Category Archives: Indian Subcontinent

1946: The Making of the Modern World by Victor Sebestyen

1946: The Making of the Modern WorldI’m a huge sucker for books about a single year in history. Some of my favorites have been 1959, 1968 and 1973. Last year I read 1945 in addition to not one but two books titled 1913. Over the last year or so, I kept seeing a book at my public library called 1946: The Making of the Modern World by Victor Sebestyen. However, despite my love for these single year books I never felt compelled to grab a copy. Sadly, I’m embarrassed to say I never did so because I disliked the book’s cover. Then one afternoon I came to my senses, put my petty prejudices behind me and helped myself to an available copy. I’m sure glad I did.

1946, while it might not make my year-end Best of List, could very well end up being one of my pleasant surprises of 2017. Made up of short chapters and employing a direct writing style, Sebestyen’s informative book makes for quick, but fascinating reading. Structured chronologically, it skips around the globe, largely ignoring Africa and the Americas and spending the bulk of time discussing seminal events and developments in Europe, Asia and the Middle East.

Sebestyen’s 1946 chronicles a world in transition. With Nazi German and much of Europe in ruins, the United States and the Soviet Union have emerged as superpowers and their ensuing rivalry would eventually morph into the Cold War. On the other side of the world, Imperial Japan lies defeated, occupied and no longer able to impose its will on East Asia. In Japan’s place is a regional power vacuum with America to a degree the USSR to a slightly lesser degree rushing to fill the void. On a related note, with Japan vanquished Chinese Communists and Nationalists could now be freely fight each other for mastery of the country. Also in Asia, the sun began setting on the British Empire as India/Pakistan moved towards independence and in the Middle East armed Zionists intensified their fight for a modern State of Israel born from the ashes of the Holocaust. Lastly, Britain’s eclipse as a colonial power was part of a larger global trend in anti-colonialism that would in the coming years drive France from Indochina and Holland from Indonesia.

If you end up reading 1946 and would like follow-up books to read let me offer the following suggestions. I would start with Ian Buruma’s Year Zero: A History of 1945. From there I would proceed directly to Keith Lowe’s masterpiece Savage Continent: Europe in the Aftermath of World War II and then to Anne Applebaum’s outstanding book Iron Curtain: The Crushing of Eastern Europe 1944-1956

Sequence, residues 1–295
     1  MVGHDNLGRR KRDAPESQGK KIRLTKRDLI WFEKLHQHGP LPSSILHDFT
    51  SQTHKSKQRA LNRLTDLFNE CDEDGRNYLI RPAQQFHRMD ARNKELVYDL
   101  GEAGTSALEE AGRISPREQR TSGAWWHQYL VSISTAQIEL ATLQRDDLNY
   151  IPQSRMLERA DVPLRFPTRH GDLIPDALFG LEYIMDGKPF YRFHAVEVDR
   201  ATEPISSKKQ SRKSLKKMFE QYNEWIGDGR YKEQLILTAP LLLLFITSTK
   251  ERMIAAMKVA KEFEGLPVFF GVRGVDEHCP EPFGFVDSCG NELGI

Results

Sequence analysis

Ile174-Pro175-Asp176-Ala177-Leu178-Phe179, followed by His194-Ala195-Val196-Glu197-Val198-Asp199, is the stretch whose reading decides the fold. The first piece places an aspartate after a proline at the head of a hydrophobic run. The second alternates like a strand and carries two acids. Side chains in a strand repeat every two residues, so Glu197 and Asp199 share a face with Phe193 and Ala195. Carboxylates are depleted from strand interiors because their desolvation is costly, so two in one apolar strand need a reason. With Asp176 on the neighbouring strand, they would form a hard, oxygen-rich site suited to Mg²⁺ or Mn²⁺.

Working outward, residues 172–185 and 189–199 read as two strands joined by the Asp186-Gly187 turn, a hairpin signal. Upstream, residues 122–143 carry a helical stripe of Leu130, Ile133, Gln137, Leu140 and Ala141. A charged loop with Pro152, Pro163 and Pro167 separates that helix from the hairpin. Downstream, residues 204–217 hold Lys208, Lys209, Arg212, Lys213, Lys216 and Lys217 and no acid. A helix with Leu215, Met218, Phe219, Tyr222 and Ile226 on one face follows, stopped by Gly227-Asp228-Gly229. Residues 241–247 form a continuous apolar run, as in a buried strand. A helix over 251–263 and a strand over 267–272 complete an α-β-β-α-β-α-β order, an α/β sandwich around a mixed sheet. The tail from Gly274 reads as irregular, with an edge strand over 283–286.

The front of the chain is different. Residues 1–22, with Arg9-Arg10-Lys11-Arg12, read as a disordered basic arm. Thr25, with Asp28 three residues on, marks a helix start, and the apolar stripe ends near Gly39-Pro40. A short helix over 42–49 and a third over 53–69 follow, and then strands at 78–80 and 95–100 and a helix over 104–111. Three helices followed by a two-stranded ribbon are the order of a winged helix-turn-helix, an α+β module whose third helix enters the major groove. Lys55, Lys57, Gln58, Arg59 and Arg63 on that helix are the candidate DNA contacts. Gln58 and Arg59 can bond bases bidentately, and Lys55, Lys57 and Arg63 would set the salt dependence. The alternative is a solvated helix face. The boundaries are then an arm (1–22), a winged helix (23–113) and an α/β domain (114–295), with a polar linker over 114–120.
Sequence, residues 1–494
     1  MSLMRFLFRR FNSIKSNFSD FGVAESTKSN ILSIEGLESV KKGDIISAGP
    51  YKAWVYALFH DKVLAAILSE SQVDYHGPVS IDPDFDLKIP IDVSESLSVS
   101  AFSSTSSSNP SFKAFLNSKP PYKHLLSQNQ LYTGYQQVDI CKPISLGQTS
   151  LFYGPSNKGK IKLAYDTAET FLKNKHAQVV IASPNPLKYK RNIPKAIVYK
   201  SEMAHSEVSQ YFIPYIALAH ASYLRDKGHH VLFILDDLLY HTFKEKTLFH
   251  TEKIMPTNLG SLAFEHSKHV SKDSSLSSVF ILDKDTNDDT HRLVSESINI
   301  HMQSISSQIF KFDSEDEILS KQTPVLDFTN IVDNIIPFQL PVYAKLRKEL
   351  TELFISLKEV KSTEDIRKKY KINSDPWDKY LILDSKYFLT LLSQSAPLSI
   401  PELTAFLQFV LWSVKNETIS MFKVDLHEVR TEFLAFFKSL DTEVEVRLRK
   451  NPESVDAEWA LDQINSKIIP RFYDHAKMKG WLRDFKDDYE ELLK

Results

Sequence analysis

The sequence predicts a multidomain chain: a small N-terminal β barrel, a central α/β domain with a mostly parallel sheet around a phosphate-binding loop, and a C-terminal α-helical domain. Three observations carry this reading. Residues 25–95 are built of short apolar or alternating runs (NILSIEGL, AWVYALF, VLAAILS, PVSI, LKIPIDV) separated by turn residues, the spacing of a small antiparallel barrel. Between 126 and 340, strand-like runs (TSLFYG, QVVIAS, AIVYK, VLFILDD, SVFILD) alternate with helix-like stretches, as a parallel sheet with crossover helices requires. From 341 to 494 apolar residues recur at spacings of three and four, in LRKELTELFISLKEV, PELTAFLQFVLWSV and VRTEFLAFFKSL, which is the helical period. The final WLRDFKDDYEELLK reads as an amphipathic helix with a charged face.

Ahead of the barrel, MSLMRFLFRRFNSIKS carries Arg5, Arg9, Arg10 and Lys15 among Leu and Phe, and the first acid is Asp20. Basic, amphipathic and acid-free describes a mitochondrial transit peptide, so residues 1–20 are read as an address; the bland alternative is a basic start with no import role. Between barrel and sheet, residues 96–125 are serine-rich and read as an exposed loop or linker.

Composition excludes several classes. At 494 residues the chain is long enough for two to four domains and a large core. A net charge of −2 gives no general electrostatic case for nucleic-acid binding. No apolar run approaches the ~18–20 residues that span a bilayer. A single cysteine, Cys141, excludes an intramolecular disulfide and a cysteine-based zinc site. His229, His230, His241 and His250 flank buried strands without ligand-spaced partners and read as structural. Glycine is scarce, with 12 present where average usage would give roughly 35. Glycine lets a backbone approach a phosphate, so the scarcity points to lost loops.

Oh, and one last thing. Don’t me like me. Try not to judge a book by its cover.

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About Time I Read It: The J Curve by Ian Bremmer

The J Curve: A New Way to Understand Why Nations Rise and FallBack in 2010 while TV channel surfing I happened to land on PBS in the middle of Charlie Rose interviewing a geopolitical thinker/writer named of Ian Bremmer. Bremmer had just written a book called The End of the Free Market: Who Wins the War Between States and Corporations ? and the two of them discussed recent global economic developments and China’s rise as an international power. As I sat watching the interview I found myself intrigued by Bremmer’s insights and vowed to read his recently published book. Later that year I did. But sadly, as much as I valued Bremmer’s take on the state of the world I never got around to reading more of his stuff.

Fast forward to this past summer, I happened to stumble across Bremmer’s Facebook page and Twitter feed. Watching his posted videos and reading his tweets rekindled my appreciation of him. (He’s also probably the only international mover and shaker with a muppet created in his own likeness.) So much so when I discovered my public library had an available copy of his book The J Curve: A New Way to Understand Why Nations Rise and Fall I snatched it up. Unfortunately, it took me a bit longer than it should had for me to make it through his book because I kept getting distracted by other books I was reading at the time. Eventually, I  made my way through it. Overall, I enjoyed it even though I did have one minor problem with it.

That problem, which believe me isn’t a fault of Bremmer’s. The J Curve was published in 2006, making it a decade old. Therefore, the whole time I was reading the J Curve I kept asking myself how relevant his book could be. After all, much has changed since 2006. We’ve seen both the Arab Spring and the coming of ISIS. Dictators like Venezuela’s Hugo Chavez, Cuba’s Fidel Castro and North Korea’s Kim Jong-il have all passed away. (Chavez and Castro’s deaths could lead to greater openness in their respective countries. On the other hand, it looks like Kim Jong-il’s death has led to even more oppression and insanity.) Lastly, in recent years we’ve experienced a global rise in old school nationalism with the passing of Brexit and the election of Donald Trump. But in spite of all this, happily, I can say yes, The J Curve is still relevant to today’s world.